Paws for Patrick event aims to raise funds, awareness and to remember a 'kind soul'

  • Penny, a chocolate Labrador retriever and a Paws for Patrick therapy dog, engages the students of Woodlands Academy of the Sacred Heart in Lake Forest last spring during a finals week visit.

    Penny, a chocolate Labrador retriever and a Paws for Patrick therapy dog, engages the students of Woodlands Academy of the Sacred Heart in Lake Forest last spring during a finals week visit. COURTESY OF PAWS FOR PATRICK

  • One of Paws for Patrick's first emotional support animal recipients, Fiona Campbell of Round Lake Beach cuddles with Parlay.

    One of Paws for Patrick's first emotional support animal recipients, Fiona Campbell of Round Lake Beach cuddles with Parlay. COURTESY OF PAWS FOR PATRICK

  • Patrick Roemer with his Labrador, CiCi.

    Patrick Roemer with his Labrador, CiCi. COURTESY OF FRONZIE ROEMER

  • A Paws for Patrick therapy dog gets attention, and a prom corsage, last spring.

    A Paws for Patrick therapy dog gets attention, and a prom corsage, last spring. COURTESY OF PAWS FOR PATRICK

  • A Paws for Patrick therapy dog enjoys a nice scratch at a high school prom last spring.

    A Paws for Patrick therapy dog enjoys a nice scratch at a high school prom last spring. COURTESY OF PAWS FOR PATRICK

  • Lucy, a Paws for Patrick therapy dog, gives and receives attention.

    Lucy, a Paws for Patrick therapy dog, gives and receives attention. COURTESY OF PAWS FOR PATRICK

 
 
Updated 9/23/2021 5:30 AM

They've got cats at the Roemer residence, but young Patrick was mainly a dog man.

Shelter dogs in particular -- he felt there are so many who need a home -- and one specifically, a black Labrador mix named CiCi.

 

"She was, as my daughter (Magdelene) calls it, his soul mate in many ways," said their mother, Fronzie Roemer, who works as a fitness instructor at Life Time Northbrook.

Only 5 at the time, CiCi died suddenly on the first day of Patrick's senior year at Lake Forest High School.

Patrick, who had spent time in residential care for the anxiety and depression that haunted much of his life, took his own life late in that senior year, May 2020.

"He was one of those kids at school -- I've heard so many stories -- that he helped other kids who were struggling, because he knew what it was like, I think," Fronzie said. "So he reached out a hand to help other kids with depression, with anxiety. And he was an animal lover."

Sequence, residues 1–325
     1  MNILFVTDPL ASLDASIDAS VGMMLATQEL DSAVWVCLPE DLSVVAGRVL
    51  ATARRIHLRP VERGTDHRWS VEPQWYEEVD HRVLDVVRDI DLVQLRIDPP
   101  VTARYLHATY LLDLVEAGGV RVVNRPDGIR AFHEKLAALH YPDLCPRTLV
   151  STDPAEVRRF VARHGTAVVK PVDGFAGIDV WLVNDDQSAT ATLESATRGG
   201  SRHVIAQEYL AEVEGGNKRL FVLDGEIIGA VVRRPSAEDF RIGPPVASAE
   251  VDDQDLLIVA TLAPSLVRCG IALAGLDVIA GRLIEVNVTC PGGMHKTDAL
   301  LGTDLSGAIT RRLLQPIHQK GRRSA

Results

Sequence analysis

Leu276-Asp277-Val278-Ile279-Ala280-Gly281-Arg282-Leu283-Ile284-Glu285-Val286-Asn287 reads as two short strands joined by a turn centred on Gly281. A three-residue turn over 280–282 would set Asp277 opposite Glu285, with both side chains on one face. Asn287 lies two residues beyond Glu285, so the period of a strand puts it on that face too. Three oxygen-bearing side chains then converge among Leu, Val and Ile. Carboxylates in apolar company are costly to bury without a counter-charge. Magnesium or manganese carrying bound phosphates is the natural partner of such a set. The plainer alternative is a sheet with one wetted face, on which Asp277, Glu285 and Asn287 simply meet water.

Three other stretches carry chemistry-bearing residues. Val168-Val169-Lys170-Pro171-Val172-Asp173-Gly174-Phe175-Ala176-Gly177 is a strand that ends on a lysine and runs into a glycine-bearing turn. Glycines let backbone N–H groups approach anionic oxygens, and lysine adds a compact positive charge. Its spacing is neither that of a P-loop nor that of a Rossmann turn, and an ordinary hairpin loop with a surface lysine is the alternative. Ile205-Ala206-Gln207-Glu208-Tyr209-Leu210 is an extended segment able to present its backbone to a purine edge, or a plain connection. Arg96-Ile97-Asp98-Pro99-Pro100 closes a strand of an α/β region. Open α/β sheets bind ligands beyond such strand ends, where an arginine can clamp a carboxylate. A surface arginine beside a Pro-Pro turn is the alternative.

Fronzie admitted that the COVID-19 pandemic's forced isolation aided the grieving process of her family, which along with daughter "Mags" also includes her husband, Steve, who works in Northfield, and son, Ben, a student at the University of Michigan.

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Yet Fronzie is one of those parents who quickly countered the tragic loss of a child by forging a mission, intent on helping people much like Patrick, with his troubles, and his passions.

She may lead kettlebell and barre classes at Life Time Northbrook, but much of her time is spent directing Paws for Patrick, a nonprofit that since its founding on Sept. 1, 2020, has connected emotional support animals and therapy dogs with young people who have a mental illness.

In the past year Paws for Patrick has either helped secure or is in the process of connecting more than 100 people with emotional support animals. The organization will pay for basic manners training for dogs, and through clinical consultations will help people get ESA certification letters to have an animal in their living space, if necessary.

"Most of the requests we have received have been for dogs, but we have received some for cats," Fronzie Roemer said. "We know people can use bunnies or birds for ESAs, too."

                                                                                                                                                                                                                       
 

Eleven Paws for Patrick therapy dogs will be on the grounds of the Lake Forest Recreation Center, 400 Hastings Road, for the Paws for Patrick Walk for Awareness and Family Fair, from 10 a.m. to 2 p.m. Sunday, Sept. 26.

"It's a big party," Fronzie said, that will include food trucks, more than 30 wellness resource booths, and dogs and other critters up for adoption by several participating animal shelters.

For entertainment the fair will offer a wide variety of "old-school games," Fronzie said, the Glenbrook North duo Spice City Music, youth band F.L.A.M.E. and headliner Taylor & Mane.

More than 500 people already have registered for the fair at pawsforpatrick.org, which Roemer hopes becomes an annual event.

It's free to attend, but people may donate or help crowdfund, she said. To do the latter, visit justgiving.com/campaign/walkforawareness2021.

As for the walk, on the track at the Lake Forest Recreation Center, it's just that.

"It's not a race," Roemer said. "It's a mindful walk, where we will have inspirational quotes along the walk. Like, 'It's OK not to be OK.' We'll have things for people to contemplate, to be mindful of."

Perfect. His mother described Patrick as a kind soul, an athlete, an artist, simultaneously strong and sensitive. And when he felt down, he knew where he could go to be OK.

"All he wanted to do was come home to see his dog," Fronzie said.

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